On the Bowery

A semi-fictionalized portrait of the Bowery, one of the most notorious and raucous neighborhoods of New York, and its forgotten population of down-and-outs and barflies.


Ray Salyer: Anything for a drink, huh?
Gorman Hendricks: Yeah, I reckon.
Ray Salyer: Oh, well. That's the way it goes.
Gorman Hendricks: Well, it's the Bowery way.


“I got restless, so one day I wandered along the Bowery with a camera, and there you are… Of course, it wasn’t as simple as that.”

Lionel Rogosin


“The faces in On the Bowery are far from pretty: Bristled, drawn, swollen, and dented from hard luck and probably even harder drinking, they’re portraits from what a priest in the film calls ‘the saddest and maddest street in the world,’ and they tell the real story.”

Darrell Hartman1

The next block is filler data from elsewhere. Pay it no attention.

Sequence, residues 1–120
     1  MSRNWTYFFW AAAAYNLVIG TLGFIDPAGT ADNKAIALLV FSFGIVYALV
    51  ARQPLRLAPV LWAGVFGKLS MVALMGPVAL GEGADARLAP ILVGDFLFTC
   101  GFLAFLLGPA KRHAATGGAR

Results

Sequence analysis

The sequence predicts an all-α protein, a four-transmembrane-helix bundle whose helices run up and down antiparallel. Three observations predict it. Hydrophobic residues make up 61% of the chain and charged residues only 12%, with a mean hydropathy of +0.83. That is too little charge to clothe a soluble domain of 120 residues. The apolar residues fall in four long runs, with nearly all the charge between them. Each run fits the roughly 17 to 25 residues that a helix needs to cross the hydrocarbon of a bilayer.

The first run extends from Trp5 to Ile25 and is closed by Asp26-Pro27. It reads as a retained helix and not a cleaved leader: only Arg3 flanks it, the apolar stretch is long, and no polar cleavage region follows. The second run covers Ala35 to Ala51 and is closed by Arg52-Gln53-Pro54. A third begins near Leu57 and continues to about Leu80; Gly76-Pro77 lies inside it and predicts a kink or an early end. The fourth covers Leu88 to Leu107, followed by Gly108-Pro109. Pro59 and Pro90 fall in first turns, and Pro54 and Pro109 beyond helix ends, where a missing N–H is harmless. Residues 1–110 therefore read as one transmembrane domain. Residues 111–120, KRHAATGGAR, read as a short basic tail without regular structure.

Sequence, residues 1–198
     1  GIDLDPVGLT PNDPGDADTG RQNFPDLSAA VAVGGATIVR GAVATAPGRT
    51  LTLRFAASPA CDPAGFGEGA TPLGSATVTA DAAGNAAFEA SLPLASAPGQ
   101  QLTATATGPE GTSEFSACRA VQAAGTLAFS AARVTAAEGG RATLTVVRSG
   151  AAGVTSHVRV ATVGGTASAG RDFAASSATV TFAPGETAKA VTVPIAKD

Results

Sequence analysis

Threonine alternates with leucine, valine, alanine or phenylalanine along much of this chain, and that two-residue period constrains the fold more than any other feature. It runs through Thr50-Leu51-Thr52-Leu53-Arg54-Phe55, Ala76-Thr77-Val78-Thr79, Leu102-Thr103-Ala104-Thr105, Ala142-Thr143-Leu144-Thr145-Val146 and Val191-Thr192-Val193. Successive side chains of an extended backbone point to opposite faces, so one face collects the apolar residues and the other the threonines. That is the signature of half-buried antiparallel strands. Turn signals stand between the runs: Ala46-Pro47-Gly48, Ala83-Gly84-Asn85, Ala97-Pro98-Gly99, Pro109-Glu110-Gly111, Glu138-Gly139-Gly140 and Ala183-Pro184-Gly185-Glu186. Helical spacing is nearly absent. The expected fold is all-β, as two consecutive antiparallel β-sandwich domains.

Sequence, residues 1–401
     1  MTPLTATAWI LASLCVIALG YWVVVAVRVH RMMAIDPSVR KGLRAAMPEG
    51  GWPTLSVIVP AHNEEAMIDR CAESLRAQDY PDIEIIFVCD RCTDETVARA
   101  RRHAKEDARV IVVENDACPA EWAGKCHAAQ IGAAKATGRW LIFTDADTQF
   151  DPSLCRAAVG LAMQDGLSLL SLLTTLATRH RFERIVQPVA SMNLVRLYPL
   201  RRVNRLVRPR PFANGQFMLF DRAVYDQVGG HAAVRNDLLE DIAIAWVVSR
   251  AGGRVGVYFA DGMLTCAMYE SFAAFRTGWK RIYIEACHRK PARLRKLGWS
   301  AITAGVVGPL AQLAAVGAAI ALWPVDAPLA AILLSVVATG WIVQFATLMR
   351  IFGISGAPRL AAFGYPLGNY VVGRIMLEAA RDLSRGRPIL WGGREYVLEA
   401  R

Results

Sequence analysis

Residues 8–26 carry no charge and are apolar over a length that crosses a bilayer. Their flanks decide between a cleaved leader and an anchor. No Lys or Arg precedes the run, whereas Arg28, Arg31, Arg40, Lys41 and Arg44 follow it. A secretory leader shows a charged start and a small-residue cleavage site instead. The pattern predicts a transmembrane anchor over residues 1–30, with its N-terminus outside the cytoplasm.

“It is a film of indelible portraiture; the plot, as it is, exists largely to transfer our protagonists (and the camera) between congregations of winos, from gin mills to games of dominos around a flophouse common room’s pot-bellied stove, from a listless sermon at the Bowery Mission to bums in a side street squeezing a ‘Good morning’ cup of pink lady from a can of Sterno. All throughout, the film looks hard at that which we’re accustomed to turning away from, exposing a litany of exploded hairdos, gardens of gin blossoms, trench-like worry lines, loose blubbery lips, toppled orthodontia, eyes glistening from burrows, noses pitted like no-man’s-land or broken across the bridge (even a couple of visages that are positively Beckettian). In numerous bar scenes, the atmosphere is palpable: the Rheingold on tap, the raw onions in the beards, the cracked-leather barstools soaking up rancid farts.”

Nick Pinkerton2


The Standard & Vanity Fair, 1907